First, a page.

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360° Perspective: Marijuana and Banking
In this 360° Perspective we're diving in to marijuana and banking.
Marijuana is a multi-billion dollar industry. Banks and credit unions can not legally do business with cannabis companies. It's basically considered money laundering if they do because pot is a federally controlled substance. A law moving through Congress could change that.
Banks do have some guidance and oversight when it comes to working with legitimate marijuana businesses from a 2014 memo from the Treasury Department. But they are still not protected from criminal liability.
As a result, cannabis businesses are mostly cash, and the fact that it's a $1.5 billion industry in Colorado alone has some calling it a safety issue.
It would provide permanent federal protection to banks and financial institutions. They could provide loans, open lines of credit, bank accounts and offer other services to legitimate cannabis businesses in states where they're legal.
The law would also clarify things for the hemp industry and banking, after hemp was legalized by the Farm Bill in 2018.
Passage of the law means the industry could move money across state lines, creating more opportunities for businesses and investors.
The Colorado Bankers Association confirmed to News 5 that in our state, as many as 35 banks and credit unions are offering services to pot businesses.
Most of the institutions are secretive about the business relationships at this point. They limit the number of customers they'll take on, ask them to sign non-disclosure agreements and it also means there's a wait list of pot industry customers.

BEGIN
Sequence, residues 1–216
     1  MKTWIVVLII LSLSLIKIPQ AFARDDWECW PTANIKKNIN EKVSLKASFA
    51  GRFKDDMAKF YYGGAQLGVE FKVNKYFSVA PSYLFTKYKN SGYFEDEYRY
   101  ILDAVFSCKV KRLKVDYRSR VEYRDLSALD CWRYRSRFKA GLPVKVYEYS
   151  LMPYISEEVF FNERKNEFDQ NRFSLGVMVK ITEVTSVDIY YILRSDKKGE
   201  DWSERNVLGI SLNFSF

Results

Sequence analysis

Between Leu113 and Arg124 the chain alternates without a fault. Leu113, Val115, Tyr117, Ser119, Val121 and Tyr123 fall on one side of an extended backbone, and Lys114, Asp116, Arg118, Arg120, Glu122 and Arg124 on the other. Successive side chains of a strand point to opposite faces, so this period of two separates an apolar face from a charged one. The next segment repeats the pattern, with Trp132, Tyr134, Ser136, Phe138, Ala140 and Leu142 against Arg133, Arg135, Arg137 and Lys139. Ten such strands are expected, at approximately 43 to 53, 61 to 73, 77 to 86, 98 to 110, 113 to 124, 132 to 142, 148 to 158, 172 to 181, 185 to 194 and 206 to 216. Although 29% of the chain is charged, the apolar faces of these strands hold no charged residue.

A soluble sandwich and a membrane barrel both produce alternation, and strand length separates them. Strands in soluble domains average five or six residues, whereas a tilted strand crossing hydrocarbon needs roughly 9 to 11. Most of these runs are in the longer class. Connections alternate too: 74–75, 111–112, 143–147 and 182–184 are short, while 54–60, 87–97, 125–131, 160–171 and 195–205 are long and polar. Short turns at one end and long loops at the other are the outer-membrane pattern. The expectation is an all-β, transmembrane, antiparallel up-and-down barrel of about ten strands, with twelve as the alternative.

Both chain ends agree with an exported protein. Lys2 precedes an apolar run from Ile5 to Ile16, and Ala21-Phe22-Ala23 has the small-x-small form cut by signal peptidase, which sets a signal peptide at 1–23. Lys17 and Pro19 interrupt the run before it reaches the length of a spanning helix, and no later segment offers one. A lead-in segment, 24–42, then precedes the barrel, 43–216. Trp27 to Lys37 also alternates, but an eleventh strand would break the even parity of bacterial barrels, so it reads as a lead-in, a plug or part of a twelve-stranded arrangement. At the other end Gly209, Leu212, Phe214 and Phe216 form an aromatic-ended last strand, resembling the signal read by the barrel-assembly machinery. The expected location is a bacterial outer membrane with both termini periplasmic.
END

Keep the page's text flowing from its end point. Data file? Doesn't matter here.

Nationwide, The Financial Crimes Enforcement Network says at last count more than 550 banks and 160 credit unions are servicing the industry. That's a jump of 61 percent from a year ago.
It's believed banks are trying to get in early, with the legal marijuana market expected to reach $41 billion by 2025 according to Nielsen.
We spoke with a couple of marijuana shops in Pueblo. One said they have a relationship with a bank and says the fees are really high. They hope the bill would drive competition and lower fees.
Another said if you own a marijuana business it's hard to get banking for your other businesses.
"In the end we want to encourage growth of industry, we want to encourage growing jobs, and if you can't get capitol to increase your business or develop your business- it really hinders your ability to hire more people and fuel the local economy, state economy and federal economy," Buffie McFayden of The Spot said.
Republican Senator Cory Gardner is one of the measure's lead sponsors. He testified in the first Senate Banking hearing on the issue.
"Keeping those dollars out of banks means we lose the ability to trace where the dollars go. It also means that it's harder to ensure all taxes are being paid. It means its easier for criminals in the illicit market to pose as legitimate and it also leaves hundreds of millions in cash on the state," Gardner said.
He also said Congress needs to take its head out of the sand, that 95 percent of the population lives in a state with laws offering some form of marijuana.
"That means all different parts of our economy that connect to any legitimate business... plumbers, electricians, lawyers, accountants, landlords, etc, risk becoming federal criminals for serving a client legal under a Colorado law. It also means the $1.5 billion industry a year in Colorado is nearly all cash," he testified.
The SAFE Banking Act passed the House with broad bipartisan support. It would need to pass the Senate next before it could head to President Trump's desk for signature.
Rep. Perlmutter expects the Senate to vote on the bill over the next 2-3 months and become law in the next 3-6.Content originally published by KOAA on October 15, 2019.